Category Archives: What My Grandma Means to Say

Posts that concern the book or the play/discussion guide

Discussion guide for “What my grandma means to say

Now updated and available FREE (Download the PDF now…)

This website now makes available the updated Discussion Guide for teachers, health care professionals and service providers, and volunteers who work with families in which someone is living with Alzheimer’s disease or a related form of dementia. JC offers the Guide free to not-for-profit organizations and individuals to encourage open discussion with children about Alzheimer’s disease and related dementias. Find out more here…

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A Play for children from JC Sulzenko

What my grandma means to say, JC’s one-act play, gives elementary school-aged children and their families the chance to learn in a gentle way about how Alzheimer’s disease and related dementias can affect a person and what they can do to support someone living such a disease.

The setting provided by the play encourages children to ask questions in a safe-feeling environment, removed from the emotion that attaches when such an illness affects someone close to them.

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“What My Grandma Means to Say” plays in Thunder Bay

Professional actors took JC’s play into local elementary schools in March through a project for which the Alzheimer Society of Thunder Bay (ASTB) received an $8000 grant from the Thunder Bay Community Foundation.

JC welcomed the new partnership with ASTB and applauded the Society’s initiative to engage elementary school-aged students in learning together about dementia through “What My Grandma Means to Say.”  ASTB donated a copy of the storybook about Jake and his grandma to each school’s library.

The project includes an art dimension by giving each student the opportunity to contribute a square that will be assembled into a memory quilt, one for each school. Here’s a link to media coverage of the program in Thunder Bay. http://www.tbnewswatch.com/entertainment/196736/Living-with-Alzheimer%27s. Shaw media posted its coverage on YouTube at http://www.youtube.com/watch?v=4_I-HKvPkuE.

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Talking with Kids about Alzheimer’s: “What My Grandma Means to Say,” a new video.

Here’s a video that shows how to stage “What My Grandma Means to Say” as a play for elementary school-aged students. Performed last October by actors from Prince Edward Collegiate Institute in Picton, Ontario, for 200 students from C.M.L. Snider School in Wellington, Ontario, the play kick-starts discussions to which kids bring their questions, their own perceptions and their experiences about supporting someone who is living with Alzheimer’s. The production was made possible by a community partnership between the Alzheimer Society of Prince Edward County, Prince Edward Collegiate Institute and JC Sulzenko and by financial support from The Community Foundation of Ottawa and The Organix Foundation, Montreal. The March issue of Canadian Teacher Magazine profiled the video among news items on page  34. http://www.canadianteachermagazine.com/pdf/CTM-MarApr12.pdf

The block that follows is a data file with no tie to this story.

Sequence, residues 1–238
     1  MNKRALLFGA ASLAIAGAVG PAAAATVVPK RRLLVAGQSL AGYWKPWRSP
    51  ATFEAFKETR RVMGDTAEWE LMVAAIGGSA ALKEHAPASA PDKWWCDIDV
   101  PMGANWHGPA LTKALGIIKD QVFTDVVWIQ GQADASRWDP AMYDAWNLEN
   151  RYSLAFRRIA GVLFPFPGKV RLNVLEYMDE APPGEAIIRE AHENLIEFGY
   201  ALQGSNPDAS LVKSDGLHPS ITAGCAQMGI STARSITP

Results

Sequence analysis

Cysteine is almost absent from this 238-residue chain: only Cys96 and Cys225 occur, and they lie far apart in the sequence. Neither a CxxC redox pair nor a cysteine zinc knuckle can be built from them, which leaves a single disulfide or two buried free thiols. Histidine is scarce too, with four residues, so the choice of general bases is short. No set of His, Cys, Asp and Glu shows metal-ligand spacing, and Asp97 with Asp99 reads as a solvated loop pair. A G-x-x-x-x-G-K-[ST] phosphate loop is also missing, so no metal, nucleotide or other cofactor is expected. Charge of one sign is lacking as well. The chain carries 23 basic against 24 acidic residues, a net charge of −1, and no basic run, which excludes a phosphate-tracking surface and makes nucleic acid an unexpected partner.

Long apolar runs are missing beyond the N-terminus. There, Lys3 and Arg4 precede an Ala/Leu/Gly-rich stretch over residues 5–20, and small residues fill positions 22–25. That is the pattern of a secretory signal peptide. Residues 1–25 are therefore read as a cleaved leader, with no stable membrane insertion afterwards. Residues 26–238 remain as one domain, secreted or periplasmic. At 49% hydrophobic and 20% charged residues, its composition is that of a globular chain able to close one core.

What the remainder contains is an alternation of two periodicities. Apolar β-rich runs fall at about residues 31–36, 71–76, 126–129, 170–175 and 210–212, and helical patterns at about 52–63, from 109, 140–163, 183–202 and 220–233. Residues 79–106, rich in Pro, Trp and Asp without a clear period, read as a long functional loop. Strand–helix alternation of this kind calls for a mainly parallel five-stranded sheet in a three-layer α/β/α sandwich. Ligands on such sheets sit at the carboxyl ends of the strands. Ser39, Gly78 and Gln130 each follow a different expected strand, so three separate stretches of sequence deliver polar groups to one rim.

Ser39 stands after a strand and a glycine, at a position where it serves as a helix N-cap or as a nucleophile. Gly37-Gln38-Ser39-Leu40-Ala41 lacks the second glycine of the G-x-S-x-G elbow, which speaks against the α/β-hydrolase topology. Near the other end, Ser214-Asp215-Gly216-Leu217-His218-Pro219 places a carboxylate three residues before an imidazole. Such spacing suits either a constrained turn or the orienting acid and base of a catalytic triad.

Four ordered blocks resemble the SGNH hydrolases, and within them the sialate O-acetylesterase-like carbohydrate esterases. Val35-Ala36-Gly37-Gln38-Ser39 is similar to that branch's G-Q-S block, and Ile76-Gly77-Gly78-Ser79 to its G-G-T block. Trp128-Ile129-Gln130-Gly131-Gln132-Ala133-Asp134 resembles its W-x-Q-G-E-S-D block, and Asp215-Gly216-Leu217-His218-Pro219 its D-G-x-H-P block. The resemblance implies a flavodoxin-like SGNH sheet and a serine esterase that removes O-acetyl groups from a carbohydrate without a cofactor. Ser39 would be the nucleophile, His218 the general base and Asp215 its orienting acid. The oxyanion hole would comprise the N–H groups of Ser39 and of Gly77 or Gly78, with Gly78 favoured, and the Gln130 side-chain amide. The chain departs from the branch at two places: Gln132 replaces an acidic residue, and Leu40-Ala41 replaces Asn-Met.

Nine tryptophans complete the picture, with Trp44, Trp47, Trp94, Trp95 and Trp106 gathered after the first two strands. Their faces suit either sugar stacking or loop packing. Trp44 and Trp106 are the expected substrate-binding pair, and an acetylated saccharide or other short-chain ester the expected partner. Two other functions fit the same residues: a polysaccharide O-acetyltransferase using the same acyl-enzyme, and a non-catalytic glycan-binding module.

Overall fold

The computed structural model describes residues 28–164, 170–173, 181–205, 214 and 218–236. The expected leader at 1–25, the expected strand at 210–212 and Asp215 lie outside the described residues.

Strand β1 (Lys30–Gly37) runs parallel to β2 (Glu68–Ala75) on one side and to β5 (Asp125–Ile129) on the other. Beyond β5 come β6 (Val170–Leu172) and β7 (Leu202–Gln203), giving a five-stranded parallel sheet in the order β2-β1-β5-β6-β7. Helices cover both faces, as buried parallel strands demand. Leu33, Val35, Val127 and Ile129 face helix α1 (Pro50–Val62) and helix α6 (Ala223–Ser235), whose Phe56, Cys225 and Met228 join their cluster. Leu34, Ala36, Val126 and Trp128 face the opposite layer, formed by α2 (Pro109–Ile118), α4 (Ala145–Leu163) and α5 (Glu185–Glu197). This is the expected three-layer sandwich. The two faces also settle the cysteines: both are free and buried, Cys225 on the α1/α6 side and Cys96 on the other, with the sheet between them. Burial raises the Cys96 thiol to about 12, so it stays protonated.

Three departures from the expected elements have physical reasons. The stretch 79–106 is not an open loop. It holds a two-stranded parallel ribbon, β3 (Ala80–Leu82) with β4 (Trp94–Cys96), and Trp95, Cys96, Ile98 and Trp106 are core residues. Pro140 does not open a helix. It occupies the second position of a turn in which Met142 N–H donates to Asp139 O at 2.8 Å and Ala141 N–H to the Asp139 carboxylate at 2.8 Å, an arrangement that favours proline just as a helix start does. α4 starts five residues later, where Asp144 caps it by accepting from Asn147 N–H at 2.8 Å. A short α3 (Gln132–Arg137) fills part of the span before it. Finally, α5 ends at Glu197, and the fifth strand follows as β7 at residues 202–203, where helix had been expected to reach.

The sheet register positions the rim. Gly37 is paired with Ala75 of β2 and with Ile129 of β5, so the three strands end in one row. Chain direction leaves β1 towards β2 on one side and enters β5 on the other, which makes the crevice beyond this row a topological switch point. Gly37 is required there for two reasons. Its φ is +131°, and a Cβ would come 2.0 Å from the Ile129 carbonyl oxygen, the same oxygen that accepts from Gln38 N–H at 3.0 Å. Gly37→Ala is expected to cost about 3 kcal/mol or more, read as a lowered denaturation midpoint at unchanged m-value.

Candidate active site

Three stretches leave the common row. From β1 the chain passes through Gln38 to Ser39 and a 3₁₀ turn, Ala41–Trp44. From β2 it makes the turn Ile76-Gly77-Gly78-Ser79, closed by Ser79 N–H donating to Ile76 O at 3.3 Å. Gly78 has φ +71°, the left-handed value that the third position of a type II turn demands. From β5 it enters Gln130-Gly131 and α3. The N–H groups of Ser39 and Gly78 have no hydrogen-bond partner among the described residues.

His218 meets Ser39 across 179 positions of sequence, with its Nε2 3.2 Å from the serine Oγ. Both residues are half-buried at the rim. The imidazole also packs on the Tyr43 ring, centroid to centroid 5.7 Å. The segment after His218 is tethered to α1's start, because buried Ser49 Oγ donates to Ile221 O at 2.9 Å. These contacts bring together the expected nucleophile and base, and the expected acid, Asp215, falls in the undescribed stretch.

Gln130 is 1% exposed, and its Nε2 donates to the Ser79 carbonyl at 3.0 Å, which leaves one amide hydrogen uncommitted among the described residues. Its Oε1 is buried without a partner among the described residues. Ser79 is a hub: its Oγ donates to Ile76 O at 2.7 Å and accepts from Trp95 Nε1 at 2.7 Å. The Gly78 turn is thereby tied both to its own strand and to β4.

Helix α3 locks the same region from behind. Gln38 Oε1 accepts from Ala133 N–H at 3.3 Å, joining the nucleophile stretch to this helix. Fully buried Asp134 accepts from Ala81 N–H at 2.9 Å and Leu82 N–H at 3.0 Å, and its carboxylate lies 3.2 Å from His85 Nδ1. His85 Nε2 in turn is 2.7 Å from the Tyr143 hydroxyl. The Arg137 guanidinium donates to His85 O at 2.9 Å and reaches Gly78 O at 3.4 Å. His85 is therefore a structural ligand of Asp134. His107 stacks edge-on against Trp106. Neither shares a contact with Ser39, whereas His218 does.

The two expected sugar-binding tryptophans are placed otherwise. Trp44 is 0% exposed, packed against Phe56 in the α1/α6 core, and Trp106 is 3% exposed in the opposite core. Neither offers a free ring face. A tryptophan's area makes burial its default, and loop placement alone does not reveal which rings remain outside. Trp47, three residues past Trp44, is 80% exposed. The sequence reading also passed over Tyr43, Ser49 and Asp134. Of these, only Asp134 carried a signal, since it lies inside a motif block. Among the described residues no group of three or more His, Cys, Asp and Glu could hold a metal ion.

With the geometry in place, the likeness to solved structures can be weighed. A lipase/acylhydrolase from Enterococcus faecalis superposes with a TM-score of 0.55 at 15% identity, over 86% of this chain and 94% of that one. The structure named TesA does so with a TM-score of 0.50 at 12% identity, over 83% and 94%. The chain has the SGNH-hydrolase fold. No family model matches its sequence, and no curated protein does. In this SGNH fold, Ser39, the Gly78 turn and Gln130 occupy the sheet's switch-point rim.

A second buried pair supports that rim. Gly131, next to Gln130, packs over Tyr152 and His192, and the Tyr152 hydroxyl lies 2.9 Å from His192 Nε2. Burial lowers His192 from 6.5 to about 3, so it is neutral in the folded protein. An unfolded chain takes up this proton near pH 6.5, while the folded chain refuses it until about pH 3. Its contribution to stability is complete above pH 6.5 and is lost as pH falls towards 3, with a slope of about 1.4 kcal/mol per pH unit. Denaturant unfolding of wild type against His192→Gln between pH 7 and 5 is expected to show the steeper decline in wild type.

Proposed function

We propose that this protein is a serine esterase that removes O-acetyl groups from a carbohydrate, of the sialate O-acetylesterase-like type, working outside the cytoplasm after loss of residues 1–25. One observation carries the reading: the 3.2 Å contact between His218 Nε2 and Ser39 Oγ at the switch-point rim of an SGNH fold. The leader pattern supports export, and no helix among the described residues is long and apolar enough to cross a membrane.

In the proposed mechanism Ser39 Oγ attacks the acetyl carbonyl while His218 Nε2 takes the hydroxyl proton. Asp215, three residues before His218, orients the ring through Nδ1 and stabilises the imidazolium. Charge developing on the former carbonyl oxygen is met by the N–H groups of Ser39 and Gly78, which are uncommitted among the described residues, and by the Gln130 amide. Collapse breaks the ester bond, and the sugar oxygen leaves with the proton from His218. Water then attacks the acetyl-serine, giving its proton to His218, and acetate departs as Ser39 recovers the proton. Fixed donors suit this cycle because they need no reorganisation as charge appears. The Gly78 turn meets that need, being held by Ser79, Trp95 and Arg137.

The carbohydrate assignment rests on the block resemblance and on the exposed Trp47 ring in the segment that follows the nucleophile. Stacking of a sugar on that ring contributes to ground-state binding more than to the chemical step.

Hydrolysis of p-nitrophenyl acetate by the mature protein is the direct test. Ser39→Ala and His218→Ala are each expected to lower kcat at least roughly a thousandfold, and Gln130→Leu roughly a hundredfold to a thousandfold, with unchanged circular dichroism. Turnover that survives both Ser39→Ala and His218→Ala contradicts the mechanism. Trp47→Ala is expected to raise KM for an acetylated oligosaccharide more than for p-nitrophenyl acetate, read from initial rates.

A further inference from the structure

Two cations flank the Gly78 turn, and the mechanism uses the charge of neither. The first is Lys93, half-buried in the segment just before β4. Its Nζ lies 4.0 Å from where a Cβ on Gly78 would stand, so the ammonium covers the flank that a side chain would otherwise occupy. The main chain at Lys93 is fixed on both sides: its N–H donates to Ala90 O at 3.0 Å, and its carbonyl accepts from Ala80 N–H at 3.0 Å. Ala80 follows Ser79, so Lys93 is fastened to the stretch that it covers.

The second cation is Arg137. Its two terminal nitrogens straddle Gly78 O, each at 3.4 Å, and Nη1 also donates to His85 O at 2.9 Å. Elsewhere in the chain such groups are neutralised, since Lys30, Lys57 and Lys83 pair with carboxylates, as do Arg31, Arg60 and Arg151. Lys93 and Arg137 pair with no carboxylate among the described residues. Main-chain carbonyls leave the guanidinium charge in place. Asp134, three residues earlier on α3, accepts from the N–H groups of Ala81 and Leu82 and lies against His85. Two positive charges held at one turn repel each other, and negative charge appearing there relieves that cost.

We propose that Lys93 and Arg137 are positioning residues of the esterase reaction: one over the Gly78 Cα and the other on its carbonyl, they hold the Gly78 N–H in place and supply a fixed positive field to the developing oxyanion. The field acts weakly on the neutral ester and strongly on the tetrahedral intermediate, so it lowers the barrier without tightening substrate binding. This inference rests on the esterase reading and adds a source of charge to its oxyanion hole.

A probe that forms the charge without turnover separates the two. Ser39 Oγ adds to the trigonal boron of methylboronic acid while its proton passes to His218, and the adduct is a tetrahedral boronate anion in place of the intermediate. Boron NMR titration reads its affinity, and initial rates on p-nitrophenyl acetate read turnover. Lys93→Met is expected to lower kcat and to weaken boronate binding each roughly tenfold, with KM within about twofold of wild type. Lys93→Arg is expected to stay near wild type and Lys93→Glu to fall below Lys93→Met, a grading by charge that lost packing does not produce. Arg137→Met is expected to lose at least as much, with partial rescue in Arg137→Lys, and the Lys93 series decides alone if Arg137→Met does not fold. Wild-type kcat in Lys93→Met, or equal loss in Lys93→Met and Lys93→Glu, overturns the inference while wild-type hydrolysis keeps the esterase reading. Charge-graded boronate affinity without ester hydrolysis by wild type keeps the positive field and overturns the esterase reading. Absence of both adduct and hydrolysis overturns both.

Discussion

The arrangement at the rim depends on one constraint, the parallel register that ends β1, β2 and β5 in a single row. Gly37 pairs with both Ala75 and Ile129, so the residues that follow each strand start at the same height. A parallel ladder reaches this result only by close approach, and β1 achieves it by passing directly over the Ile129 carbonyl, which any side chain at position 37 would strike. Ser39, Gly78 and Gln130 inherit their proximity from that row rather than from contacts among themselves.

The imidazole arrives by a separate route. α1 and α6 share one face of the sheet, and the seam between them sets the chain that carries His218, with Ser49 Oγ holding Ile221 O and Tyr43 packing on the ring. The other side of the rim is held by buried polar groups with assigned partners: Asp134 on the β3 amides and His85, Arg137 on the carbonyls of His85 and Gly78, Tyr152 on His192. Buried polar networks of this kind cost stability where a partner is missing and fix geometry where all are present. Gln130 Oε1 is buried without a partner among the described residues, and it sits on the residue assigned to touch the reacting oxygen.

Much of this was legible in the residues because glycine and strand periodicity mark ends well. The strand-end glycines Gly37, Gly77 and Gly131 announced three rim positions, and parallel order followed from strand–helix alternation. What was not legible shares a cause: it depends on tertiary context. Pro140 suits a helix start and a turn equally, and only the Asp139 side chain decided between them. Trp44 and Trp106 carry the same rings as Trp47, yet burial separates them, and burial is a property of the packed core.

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“What My Grandma Means to Say:” Get your copy through this website

JC Sulzenko’s 48-page storybook adaptation of her one-act play about  11 year-old Jake and his grandma, who is living with Alzheimer’s disease, is now available from this website.  Just send your request to info@jcsulzenko.com, and you will receive instructions on how and where to place your order. (The book is still available in hard copy and  sells for $12.95 plus shipping and handling. The e-book will be re-listed at major sites soon.)

Illustrated in full colour by Gary Frederick, the book lets young readers, ages 8-12, and their families, share Jake’s experience as he watches his grandma change from world traveller, expert birder and best cookie baker to someone who forgets where she lives and cannot remember his name.  Once Grandma moves to a long-term care residence, Jake becomes her regular Saturday visitor. He develops a routine and knows what to expect when he is with her, until an extraordinary conversation makes him think she is cured. Read More »

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